The last couple of years have been tough for most estate agents, especially those relying on the ‘old ways’ of marketing. Typically, a high street agent’s website will work as a glorified brochure, built to present all the properties for sale or let. Many agents do not rely or use their websites to generate leads, and as such, miss an opportunity and a chunk of the local market share. This is because most agents still rely on the portals to bring the buyers and tenants and on word-of-mouth or direct mailing to attract the vendors and landlords.
Your website isn’t just a corporate brochure, it is your route to more leads and more instructions.
The new online agents, however, have pushed the market to a completely new level. They use their shiny new websites and the latest technology more effectively, which allows them to provide a better user experience, charge less and, consequently, scoop up more customers.
The high street agents that want to stay in business and do well in the future, should (if they haven’t already done so) rethink the role of their website and online assets, and invest in learning how to up their game. Here are a few things to consider when doing this:
THE DEATH OF THE HOMEPAGE
In the past, the homepage used to attract the highest number of visitors as it was the first entry point for most agents’ websites.
We are now starting to see less traffic coming to the homepage. Going forward, most new websites from forward-thinking agents will move further away from a traditional homepage and towards more dynamic entry points (or landing pages).
You should plan for a personalised experience on your website based on intent, location, and visitors’ larger data profile. From the images and their size, to the actual content you show, including call to actions, you should consider the prospects previous interaction with your brand and give them a more personalised experience to help them climb up the ladder from a cold to a warm to a hot prospect.
Don’t think of your homepage as having only one entrance or exit; consider it like a theatre with multiple exits and entrances.
DEVELOPER TOOLS AND ADD-ONS
As people live more of their lives online, digital user experiences will be the rock on which almost every successful agency is built. But there’s one slight problem. There is a demand for good software but, broadly speaking, there are not enough good developers to build all this functionality. And even if there were, infrastructure is something that takes a lot of time, attention and investment – something many high street agents cannot afford.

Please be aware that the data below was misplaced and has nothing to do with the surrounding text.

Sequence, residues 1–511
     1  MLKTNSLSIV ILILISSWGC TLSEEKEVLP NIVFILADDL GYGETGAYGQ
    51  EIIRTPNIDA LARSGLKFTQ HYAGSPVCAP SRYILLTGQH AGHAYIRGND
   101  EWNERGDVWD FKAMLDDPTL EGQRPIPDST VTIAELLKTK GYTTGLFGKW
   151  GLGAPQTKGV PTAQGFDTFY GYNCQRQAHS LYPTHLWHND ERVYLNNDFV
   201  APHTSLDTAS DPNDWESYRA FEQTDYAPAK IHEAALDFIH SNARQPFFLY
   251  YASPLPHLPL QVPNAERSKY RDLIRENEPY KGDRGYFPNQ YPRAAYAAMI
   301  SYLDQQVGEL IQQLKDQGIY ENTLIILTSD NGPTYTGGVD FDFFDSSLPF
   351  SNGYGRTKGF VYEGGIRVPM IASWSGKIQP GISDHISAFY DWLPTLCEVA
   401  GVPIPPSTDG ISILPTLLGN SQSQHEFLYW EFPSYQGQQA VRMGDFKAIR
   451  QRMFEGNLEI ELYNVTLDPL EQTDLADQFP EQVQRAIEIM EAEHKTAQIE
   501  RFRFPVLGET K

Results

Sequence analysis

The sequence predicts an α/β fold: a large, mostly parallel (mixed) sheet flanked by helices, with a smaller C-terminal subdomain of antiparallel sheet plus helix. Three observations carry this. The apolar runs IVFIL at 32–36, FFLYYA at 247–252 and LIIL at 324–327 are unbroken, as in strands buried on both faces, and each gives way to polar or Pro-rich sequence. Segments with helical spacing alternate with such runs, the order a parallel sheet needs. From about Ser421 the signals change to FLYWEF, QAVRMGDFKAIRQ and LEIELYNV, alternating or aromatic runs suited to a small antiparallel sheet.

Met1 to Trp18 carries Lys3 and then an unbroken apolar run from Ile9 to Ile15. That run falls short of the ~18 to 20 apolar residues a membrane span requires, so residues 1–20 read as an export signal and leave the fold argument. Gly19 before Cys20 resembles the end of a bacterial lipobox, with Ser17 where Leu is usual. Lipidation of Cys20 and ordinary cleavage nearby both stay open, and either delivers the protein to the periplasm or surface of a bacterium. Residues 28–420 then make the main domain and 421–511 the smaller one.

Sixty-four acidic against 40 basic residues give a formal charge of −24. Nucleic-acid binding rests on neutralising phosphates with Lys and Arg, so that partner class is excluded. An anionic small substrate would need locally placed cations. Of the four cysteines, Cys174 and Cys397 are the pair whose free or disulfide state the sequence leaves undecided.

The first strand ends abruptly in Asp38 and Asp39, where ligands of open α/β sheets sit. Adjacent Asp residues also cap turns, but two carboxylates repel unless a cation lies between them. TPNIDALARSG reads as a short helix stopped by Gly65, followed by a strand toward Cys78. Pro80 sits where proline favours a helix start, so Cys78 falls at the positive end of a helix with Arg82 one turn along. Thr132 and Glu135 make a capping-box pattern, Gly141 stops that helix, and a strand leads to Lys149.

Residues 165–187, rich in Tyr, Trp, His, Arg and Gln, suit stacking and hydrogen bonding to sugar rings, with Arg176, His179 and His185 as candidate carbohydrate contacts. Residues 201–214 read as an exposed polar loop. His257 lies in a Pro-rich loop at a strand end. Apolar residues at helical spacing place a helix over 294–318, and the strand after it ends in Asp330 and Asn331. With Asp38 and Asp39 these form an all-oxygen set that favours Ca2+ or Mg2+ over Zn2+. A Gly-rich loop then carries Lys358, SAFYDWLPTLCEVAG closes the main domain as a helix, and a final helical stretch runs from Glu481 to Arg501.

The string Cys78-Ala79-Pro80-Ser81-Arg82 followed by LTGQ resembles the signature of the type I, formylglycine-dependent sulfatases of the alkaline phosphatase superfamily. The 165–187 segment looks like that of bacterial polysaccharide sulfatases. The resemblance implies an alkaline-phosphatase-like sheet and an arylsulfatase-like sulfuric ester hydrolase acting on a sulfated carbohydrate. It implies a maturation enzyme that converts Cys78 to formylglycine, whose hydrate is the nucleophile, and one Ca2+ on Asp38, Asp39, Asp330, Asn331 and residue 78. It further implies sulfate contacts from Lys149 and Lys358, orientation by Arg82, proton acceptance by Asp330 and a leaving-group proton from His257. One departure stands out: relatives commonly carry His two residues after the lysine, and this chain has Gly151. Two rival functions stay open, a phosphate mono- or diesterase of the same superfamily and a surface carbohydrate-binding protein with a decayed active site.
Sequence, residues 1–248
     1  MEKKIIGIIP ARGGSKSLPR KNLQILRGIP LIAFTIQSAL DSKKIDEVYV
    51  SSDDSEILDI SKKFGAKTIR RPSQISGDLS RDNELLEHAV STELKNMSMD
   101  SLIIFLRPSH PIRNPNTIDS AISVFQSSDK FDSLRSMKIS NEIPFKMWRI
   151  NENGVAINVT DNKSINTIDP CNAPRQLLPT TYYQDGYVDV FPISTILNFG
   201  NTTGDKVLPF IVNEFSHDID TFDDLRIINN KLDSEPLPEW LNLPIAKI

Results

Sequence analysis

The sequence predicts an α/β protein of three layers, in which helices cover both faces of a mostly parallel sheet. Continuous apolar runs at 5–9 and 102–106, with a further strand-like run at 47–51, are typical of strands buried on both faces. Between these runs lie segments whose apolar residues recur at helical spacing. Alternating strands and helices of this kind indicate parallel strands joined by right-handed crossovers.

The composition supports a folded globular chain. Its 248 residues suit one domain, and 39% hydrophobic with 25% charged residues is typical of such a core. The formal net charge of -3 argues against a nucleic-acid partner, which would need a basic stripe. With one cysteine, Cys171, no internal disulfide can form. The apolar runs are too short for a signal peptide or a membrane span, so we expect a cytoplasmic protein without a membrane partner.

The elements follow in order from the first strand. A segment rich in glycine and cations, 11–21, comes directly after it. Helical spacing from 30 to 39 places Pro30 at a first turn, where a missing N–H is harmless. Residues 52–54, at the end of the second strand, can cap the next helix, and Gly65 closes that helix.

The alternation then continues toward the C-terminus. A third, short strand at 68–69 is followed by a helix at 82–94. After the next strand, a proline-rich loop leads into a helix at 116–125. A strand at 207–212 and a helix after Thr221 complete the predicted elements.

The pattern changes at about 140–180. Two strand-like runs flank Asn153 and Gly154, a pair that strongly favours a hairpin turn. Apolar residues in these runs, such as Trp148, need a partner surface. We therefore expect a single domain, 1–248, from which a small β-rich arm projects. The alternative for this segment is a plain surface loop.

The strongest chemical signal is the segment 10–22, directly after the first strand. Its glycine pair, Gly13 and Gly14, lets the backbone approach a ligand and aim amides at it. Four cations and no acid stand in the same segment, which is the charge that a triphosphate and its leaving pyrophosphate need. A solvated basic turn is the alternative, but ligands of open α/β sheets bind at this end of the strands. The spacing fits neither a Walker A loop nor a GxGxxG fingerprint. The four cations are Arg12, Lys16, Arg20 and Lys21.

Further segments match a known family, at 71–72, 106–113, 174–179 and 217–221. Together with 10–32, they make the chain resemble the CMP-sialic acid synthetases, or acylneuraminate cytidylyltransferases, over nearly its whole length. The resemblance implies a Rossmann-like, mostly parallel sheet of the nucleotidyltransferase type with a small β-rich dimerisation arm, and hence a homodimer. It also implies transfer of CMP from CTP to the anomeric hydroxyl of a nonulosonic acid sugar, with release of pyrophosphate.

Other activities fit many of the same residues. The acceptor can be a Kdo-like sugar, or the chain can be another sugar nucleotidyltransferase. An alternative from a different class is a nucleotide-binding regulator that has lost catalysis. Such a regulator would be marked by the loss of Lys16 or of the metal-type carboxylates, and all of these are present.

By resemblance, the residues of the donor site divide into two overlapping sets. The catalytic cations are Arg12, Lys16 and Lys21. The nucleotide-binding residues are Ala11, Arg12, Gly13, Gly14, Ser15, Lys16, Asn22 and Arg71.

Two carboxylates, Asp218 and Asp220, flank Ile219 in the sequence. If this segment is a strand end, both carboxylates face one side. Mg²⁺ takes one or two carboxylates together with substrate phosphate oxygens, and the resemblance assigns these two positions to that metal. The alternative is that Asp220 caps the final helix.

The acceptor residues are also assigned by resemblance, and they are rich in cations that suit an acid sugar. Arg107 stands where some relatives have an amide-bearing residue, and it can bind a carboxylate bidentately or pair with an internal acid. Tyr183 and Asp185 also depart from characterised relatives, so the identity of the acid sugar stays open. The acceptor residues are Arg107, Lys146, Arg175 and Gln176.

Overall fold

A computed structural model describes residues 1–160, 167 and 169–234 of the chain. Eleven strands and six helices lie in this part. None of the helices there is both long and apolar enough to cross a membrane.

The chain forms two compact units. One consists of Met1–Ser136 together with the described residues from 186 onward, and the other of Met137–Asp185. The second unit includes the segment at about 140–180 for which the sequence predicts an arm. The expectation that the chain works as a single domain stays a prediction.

But here is the good news. To plug that gap, we’re currently seeing an explosion in developer tools.
From instant valuations to booking a viewing appointment directly into your calendar or online chatting bots, the new breed of websites should have the flexibility to add or remove any elements you need, which helps your visitors and clients.
This is why at Art Division we only use WordPress (a free, open source website creation tool) as it gives us an extensive pool of tools and the ability to add third party applications for a smaller investment.
When planning your next website, consider a system like WordPress, which can grow, mould and evolve as your business and visitors dictate. This means you can spend less on developing your own software and more on your customers’ needs.
DATA MEETS DESIGN
Most agents list their services on their website and add the content they believe describes them best. The problem with this is that it’s not necessarily about the visitor’s needs.
Instead, try to understand your visitors better. Consider what, exactly are their needs, and then plan a new sitemap which consists of several entry points and funnels (other pages which help a specific type of prospect) according to that.
For example, an elderly couple looking to sell their holiday home in Wales will require a different entry page and subsequent funnel to a young couple looking to sell their current property so they can buy a bigger home.
Work with your web analyst to better understand your visitors and design an experience that is helpful to the user, leveraging on data and analytics to make it personalised and contextualised.
As an agent, you help people to sell, let, buy or rent properties, but clients have different needs. Put your clients’ needs first and then structure the content for the services you provide rather than the other way around, and your website will be transformed from a glorified brochure to a lead generation machine.